Leading article: Burma must prove it wants to reform

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The Independent Online

What difference has Hillary Clinton's visit to Burma this week made to that benighted country?

The US has pledged $1.2m to microcredit and other schemes, surely one of the tiniest American grants ever awarded anywhere; the Secretary of State and Aung San Suu Kyi had a long and friendly dinner together; and Mrs Clinton said that Burmese generals should be held "accountable" for crimes against their people without being put on trial for them – whatever that might mean.

Ordinary Burmese might with reason see her visit, the first by a US official of her rank for 50 years, as just another in the long line of attempts by the junta to burnish its image with empty gestures. Ms Suu Kyi herself hinted at the paltry progress made so far when she said: "If we move forward together I am confident there will be no turning back on the road to democracy. We are not on that road yet..."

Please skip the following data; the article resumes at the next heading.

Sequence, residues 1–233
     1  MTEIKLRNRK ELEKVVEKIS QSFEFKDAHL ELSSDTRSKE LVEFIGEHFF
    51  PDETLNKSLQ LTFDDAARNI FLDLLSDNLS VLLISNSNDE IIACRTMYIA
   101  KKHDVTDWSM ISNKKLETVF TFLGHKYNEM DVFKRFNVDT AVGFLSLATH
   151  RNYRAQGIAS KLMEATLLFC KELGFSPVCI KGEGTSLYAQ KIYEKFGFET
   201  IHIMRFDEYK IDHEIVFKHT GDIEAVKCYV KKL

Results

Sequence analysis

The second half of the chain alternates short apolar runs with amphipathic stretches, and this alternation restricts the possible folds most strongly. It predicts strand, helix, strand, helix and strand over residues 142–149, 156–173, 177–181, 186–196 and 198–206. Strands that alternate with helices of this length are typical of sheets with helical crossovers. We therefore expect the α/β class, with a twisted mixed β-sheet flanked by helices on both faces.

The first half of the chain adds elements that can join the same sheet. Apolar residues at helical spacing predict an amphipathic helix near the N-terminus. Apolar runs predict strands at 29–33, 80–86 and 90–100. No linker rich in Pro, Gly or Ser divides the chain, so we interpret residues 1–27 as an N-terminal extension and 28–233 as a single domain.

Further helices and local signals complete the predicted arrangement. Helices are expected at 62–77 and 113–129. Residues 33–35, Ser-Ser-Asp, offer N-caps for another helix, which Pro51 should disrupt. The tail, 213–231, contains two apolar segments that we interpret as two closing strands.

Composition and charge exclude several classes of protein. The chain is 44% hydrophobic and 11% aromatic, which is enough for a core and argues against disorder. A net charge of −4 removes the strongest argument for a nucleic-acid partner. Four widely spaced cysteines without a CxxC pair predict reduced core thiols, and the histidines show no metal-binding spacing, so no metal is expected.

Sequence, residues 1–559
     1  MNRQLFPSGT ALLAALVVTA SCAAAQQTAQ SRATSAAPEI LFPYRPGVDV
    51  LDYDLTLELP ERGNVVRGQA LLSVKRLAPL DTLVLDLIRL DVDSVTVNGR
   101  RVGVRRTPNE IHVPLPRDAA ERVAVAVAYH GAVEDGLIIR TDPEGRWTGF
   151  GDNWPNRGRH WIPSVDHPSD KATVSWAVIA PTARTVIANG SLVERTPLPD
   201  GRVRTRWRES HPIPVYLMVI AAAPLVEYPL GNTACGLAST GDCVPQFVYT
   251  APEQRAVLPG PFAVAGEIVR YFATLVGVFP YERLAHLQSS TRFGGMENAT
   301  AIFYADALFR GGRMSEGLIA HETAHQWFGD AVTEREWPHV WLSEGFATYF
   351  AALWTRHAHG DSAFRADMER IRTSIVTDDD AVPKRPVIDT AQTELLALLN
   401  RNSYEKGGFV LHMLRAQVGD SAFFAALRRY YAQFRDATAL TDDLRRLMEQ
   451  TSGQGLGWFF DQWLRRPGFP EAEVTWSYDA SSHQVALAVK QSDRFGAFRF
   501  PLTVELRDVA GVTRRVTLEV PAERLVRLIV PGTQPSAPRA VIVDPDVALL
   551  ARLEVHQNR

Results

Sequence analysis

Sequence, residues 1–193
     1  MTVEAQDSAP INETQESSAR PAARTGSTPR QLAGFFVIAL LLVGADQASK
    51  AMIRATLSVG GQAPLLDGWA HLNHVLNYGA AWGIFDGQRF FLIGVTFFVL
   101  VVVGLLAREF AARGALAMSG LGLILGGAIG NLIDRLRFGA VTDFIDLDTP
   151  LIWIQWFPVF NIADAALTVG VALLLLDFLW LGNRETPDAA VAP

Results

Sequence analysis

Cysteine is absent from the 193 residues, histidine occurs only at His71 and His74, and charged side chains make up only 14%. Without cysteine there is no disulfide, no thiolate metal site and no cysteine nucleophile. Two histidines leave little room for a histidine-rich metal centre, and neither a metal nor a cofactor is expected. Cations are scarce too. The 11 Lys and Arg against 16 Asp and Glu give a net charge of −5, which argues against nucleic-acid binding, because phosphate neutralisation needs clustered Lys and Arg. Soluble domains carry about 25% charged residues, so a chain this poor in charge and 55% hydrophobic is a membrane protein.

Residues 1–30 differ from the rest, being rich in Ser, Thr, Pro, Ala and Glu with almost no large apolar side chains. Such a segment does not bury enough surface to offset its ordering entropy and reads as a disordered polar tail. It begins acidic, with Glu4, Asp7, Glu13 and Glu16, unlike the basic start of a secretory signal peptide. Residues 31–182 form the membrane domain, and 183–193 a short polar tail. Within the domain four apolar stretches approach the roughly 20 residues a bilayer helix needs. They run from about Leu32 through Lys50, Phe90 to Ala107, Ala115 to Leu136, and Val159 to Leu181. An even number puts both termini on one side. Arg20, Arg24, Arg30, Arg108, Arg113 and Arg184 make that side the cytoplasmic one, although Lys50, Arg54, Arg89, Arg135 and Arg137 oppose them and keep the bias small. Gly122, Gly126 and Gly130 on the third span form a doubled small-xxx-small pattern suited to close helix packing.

But it is only fair to judge Burma's progress by reference to what has happened there in the past, not to the leaps and bounds made by other countries. Last year's rigged elections promised scant hope of real change. Few people expected much of Thein Sein – himself a retired general – when he became President. We must hope that slowly, haltingly, the hermit nation is moving from the shadows, to accept that the only way to avoid becoming a de facto Chinese province is to begin going through the motions of civilisation.

It would be wildly optimistic to imagine that a military caste which has created a Raj-like fortress of wealth and privilege will surrender its position willingly. There are risks, too, of the regime using engagement with the US merely to secure an easing of sanctions and lessen its reliance on Chinese investment, while entrenching its grip on power and keeping its ethnic minorities repressed.

But perhaps, as Ms Suu Kyi has also said, there is now no turning back. The coincidental signing by the regime yesterday of a peace deal with the Shan State Army (South) – one of the insurgent forces which has been battling Burma for decades – may indicate that more ambitious moves are in the offing.